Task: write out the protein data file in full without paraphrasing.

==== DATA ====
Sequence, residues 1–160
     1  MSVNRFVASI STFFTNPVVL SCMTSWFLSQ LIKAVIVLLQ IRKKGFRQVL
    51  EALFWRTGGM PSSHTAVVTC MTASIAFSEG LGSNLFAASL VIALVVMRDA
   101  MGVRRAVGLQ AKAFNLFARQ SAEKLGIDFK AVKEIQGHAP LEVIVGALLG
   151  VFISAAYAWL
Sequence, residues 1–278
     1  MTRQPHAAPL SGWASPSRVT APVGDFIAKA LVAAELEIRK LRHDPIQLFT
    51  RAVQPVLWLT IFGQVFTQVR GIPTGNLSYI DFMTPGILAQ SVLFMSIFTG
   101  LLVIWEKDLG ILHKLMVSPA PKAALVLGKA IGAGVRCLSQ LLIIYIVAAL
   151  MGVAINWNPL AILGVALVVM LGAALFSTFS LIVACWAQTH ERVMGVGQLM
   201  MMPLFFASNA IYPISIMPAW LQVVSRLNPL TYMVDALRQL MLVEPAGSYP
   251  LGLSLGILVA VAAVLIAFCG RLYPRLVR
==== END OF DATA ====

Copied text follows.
Sequence, residues 1–160
     1  MSVNRFVASI STFFTNPVVL SCMTSWFLSQ LIKAVIVLLQ IRKKGFRQVL
    51  EALFWRTGGM PSSHTAVVTC MTASIAFSEG LGSNLFAASL VIALVVMRDA
   101  MGVRRAVGLQ AKAFNLFARQ SAEKLGIDFK AVKEIQGHAP LEVIVGALLG
   151  VFISAAYAWL
Sequence, residues 1–278
     1  MTRQPHAAPL SGWASPSRVT APVGDFIAKA LVAAELEIRK LRHDPIQLFT
    51  RAVQPVLWLT IFGQVFTQVR GIPTGNLSYI DFMTPGILAQ SVLFMSIFTG
   101  LLVIWEKDLG ILHKLMVSPA PKAALVLGKA IGAGVRCLSQ LLIIYIVAAL
   151  MGVAINWNPL AILGVALVVM LGAALFSTFS LIVACWAQTH ERVMGVGQLM
   201  MMPLFFASNA IYPISIMPAW LQVVSRLNPL TYMVDALRQL MLVEPAGSYP
   251  LGLSLGILVA VAAVLIAFCG RLYPRLVR